In nature, they eat small invertebrates, algae and zooplankton. In the aquarium, they eat food from the bottom and the bottom, less willingly from the water surface. You can give them good-quality, fine dry food, preferably the slowly falling one. The diet should be supplemented with small frozen and live foods, e.g.

daphnia, eyelash, artemia, and hydration. More frequent feeding of live food will keep them in good condition, beautiful colors, and encourage spawning.

Aquarium

The minimum size of the aquarium is 30 liters, but due to the high mobility and recommendations for keeping in a large group, a larger tank is preferable. These fish love densely overgrown aquariums with numerous hiding places, preferably with a dark substrate and free space for swimming. The growth of vegetation requires appropriate lighting, initially it must be partially suppressed, e.g.

with floating plants. Over time, in the shade of the lush thicket, they will feel at home. The movement of the water should not be too strong. In their natural environment, they live in slightly alkaline water, approx. 7.3 pH, where its slight changes occur periodically.

In the aquarium, they will feel well in soft to slightly-hard water (5-15 dGH), in the pH range of 6.5-7.5 and at a temperature of approx. 22-27 ° C. Danio margaritatus are very sensitive to higher nitrate concentrations and sudden jumps in parameters . When kept in poor conditions, they often get sick, show symptoms of poisoning, become lethargic and stop eating. They require efficient biological filtration and frequent water changes, avoid sudden changes in parameters.

The first days in a new environment are associated with great timidity. Stressed people stay in the lower parts of the tank. The fish become bold in a larger group or by swimming with other gentle, small species that feed in the upper parts of the water. They can be kept in a correspondingly larger general aquarium with other small peaceful fish with similar environmental requirements and possibly with shrimps. They will hunt for the offspring of shrimps, so the population will be limited.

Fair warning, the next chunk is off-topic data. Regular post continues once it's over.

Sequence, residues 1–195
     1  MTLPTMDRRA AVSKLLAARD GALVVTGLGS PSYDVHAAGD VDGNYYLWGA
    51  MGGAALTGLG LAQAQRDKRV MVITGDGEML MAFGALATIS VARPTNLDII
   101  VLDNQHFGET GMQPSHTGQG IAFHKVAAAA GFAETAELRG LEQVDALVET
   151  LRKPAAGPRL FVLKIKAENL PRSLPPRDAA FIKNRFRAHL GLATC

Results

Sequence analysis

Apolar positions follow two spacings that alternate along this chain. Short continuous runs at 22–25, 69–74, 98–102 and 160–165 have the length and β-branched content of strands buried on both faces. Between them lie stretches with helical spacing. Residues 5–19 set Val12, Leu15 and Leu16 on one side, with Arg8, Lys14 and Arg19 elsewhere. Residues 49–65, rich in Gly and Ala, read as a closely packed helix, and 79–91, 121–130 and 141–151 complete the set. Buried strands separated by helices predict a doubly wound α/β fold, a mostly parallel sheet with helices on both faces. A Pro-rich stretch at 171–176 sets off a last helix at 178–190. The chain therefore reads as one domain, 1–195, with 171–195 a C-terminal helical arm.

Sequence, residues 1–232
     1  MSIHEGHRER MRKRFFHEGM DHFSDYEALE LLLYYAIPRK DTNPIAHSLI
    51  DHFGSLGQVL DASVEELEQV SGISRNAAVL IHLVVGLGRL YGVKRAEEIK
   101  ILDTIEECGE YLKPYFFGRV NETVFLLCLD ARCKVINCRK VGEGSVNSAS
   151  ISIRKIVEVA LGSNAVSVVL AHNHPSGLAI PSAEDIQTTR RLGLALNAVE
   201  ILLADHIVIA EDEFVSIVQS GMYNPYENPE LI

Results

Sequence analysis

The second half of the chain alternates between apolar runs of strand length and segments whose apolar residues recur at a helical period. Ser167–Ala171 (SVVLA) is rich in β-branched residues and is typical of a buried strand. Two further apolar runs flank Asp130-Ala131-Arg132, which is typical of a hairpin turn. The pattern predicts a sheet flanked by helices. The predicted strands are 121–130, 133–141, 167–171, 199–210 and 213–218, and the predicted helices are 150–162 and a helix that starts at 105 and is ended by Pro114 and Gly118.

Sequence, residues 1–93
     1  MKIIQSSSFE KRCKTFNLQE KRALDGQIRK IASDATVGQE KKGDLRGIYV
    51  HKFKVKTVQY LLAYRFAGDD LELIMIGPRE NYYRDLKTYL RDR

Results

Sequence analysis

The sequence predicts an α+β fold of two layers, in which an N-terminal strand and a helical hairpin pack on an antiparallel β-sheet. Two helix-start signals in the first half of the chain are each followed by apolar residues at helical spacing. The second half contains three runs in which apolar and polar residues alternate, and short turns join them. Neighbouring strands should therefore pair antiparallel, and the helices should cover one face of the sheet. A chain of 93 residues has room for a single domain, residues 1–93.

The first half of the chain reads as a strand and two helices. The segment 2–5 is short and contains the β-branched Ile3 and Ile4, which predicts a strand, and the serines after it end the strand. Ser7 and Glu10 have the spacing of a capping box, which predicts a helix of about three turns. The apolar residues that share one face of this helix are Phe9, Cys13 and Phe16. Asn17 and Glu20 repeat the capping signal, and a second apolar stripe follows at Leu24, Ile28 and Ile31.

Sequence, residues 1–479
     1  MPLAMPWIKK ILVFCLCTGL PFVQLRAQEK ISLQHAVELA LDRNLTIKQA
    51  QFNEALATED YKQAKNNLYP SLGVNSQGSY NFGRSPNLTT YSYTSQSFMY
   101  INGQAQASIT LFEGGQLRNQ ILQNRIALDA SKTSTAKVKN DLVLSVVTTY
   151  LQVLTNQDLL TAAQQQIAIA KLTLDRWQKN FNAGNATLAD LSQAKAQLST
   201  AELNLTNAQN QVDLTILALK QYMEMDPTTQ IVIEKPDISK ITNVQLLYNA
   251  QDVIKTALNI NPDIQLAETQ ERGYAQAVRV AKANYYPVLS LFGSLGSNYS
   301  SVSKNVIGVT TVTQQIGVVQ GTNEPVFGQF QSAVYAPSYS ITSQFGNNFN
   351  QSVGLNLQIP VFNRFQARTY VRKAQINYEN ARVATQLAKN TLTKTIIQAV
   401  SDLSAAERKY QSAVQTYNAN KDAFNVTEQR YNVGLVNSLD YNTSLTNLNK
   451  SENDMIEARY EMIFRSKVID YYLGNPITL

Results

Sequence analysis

Although they are closely related to Celestichthys erythromicron , they are not prone to cross-breeding (currently no such case has been reported) and can be kept with it.

Breeding

Breeding relatively easy, in good conditions, they spread the eggs several times a week. Often in a mature, densely overgrown aquarium, the “galaxy” is multiplied quite by accident. However, in order to obtain more eggs, it will be necessary to set up a separate breeding tank. In such an aquarium, large clumps of moss, approx.

50%, and a small sponge filter should be placed. In the evening prepared in this way, we let the selected couple, the largest female and the most beautifully colored male. Spawning usually takes place in the morning of the next day. The male rushes to the female and then chases her into dense vegetation, where it spawns. An adult female releases about 30 sticky eggs, which the male fertilizes.

Parents do not show parental care and will eat the eggs and fry, so it is best to separate them immediately after spawning. Depending on the temperature, it takes 2-5 days to hatch. A few days later, after their yolk sacs are used up, the fry begin to swim freely. Due to their small size, rearing fry is not easy . In the initial phase, fish should be fed the finest micro powdered and liquid foods, introducing Artemia larvae and micro nematodes as they grow.

Approximately